c. Protection against Noise and Vibrations
d. Ionizing Radiation protection and Electromagnetic Waves Protection
e. Law Related to Spas and Wellbeing Facilities
f. Veterinary and Phytosanitary Care Law
g. Law Concerning Practicing of Sport and Other Physical Activities in Free Nature
h. Public Health Authorities
3. US and European Perspectives on Health Related Issues in Sport - in charge: Davidson, J.D.
The Anglo-American legal system and its various instruments often influence the organisation of sport events and the position of legal persons and individuals involved therein. Thus the differences between European and (mainly) U.S. way of organizing sport and possible different ways of enforcing one´s rights will be exposed in this course.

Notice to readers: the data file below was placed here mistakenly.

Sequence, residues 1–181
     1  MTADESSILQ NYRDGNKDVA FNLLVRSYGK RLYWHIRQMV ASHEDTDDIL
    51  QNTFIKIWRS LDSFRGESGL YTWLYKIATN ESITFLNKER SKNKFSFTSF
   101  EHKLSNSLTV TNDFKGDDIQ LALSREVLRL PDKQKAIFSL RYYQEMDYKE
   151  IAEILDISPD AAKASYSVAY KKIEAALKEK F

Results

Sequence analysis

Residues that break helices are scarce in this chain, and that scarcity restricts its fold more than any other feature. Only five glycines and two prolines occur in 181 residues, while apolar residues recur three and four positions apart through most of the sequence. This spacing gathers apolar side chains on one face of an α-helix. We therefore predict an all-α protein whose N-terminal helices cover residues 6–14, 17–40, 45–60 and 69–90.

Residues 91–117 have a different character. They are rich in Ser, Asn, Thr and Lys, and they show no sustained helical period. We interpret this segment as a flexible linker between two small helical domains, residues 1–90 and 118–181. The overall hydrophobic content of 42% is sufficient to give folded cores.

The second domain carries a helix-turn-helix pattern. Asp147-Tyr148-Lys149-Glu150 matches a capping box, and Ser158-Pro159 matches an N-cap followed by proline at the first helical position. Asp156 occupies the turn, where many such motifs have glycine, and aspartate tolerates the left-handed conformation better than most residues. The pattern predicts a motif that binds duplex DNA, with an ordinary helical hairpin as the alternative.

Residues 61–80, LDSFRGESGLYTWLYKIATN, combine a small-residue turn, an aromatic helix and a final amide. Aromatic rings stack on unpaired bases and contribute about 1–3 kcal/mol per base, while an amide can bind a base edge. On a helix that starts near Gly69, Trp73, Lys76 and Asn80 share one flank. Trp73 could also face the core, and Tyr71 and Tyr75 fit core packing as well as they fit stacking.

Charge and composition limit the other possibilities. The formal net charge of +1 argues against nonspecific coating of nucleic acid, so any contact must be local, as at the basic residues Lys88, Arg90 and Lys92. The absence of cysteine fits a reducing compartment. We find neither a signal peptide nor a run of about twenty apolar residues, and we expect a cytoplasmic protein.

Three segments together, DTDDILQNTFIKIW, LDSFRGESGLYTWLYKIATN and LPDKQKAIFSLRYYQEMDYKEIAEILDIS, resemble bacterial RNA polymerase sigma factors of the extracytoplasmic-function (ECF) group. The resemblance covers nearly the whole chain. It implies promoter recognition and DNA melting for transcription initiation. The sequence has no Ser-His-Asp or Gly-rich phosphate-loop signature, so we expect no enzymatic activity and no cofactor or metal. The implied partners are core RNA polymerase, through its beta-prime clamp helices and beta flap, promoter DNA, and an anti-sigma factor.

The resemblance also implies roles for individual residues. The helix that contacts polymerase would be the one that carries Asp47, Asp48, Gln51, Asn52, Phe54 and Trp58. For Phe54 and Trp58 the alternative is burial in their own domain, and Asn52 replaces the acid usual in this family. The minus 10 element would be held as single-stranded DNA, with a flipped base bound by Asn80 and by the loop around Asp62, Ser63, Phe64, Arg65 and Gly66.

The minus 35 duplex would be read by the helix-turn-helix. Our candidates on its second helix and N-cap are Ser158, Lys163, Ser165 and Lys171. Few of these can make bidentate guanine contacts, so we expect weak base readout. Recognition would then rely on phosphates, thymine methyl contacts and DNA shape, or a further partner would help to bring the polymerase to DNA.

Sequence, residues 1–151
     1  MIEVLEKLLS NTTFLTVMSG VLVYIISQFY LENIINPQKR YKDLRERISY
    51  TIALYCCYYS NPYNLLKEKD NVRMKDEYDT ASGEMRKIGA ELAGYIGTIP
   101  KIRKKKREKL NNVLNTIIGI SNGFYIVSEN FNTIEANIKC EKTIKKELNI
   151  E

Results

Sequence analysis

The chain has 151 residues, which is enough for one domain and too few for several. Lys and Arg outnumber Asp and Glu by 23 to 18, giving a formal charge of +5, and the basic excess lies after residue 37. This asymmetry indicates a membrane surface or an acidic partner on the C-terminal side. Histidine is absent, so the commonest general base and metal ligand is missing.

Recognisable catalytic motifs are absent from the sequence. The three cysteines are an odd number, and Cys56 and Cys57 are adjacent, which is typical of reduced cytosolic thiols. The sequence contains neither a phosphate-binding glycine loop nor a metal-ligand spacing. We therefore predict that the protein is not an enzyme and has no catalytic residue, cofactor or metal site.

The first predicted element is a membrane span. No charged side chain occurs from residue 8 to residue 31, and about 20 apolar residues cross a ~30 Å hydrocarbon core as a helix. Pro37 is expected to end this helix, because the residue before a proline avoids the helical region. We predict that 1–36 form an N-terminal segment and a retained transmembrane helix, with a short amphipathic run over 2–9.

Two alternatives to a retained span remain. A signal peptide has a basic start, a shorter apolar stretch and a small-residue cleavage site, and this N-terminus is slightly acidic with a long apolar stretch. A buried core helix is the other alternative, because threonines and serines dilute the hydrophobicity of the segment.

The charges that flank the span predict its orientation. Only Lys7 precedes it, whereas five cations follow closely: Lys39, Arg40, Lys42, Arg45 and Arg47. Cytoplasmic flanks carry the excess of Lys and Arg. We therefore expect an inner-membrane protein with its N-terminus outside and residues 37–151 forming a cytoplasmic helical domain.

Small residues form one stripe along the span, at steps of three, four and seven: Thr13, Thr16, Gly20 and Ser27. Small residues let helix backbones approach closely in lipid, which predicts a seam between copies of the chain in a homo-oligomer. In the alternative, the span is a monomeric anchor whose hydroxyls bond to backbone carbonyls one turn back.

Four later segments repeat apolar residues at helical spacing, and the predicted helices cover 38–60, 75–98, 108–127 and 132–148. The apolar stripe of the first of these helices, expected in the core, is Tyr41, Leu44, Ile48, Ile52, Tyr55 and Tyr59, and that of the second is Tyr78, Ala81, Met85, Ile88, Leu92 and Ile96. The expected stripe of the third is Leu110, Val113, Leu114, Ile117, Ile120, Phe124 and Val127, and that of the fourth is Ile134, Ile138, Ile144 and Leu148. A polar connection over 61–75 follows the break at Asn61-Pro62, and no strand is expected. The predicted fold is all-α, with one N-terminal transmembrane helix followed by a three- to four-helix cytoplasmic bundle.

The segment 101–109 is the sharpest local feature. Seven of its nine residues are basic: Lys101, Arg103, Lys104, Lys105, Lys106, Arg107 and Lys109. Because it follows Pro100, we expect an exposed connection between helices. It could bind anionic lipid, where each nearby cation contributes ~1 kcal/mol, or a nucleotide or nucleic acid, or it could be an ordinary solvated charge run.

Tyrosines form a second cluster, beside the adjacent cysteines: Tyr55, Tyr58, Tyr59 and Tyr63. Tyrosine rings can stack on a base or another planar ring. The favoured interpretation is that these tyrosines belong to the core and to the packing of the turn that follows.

a. Protection of Health of Athletes in the Anglo-American Legal Culture
b. Athletes´ Health, Injuries and Torts Law
c. Differences from the European Concept of Organisation of Sport and Protection of Health of Athletes
d. Role of Players´ Unions in the Protection of Health of the Athletes
e. Damages due to Lack of Protection of Health of Players on the Side of the Organizers of the Leagues and Competitions
f. Case Study
4. Civil and Criminal Liability in Sport, Contractual Obligations in Sport - in charge: dr. Sup, mgr. Kučera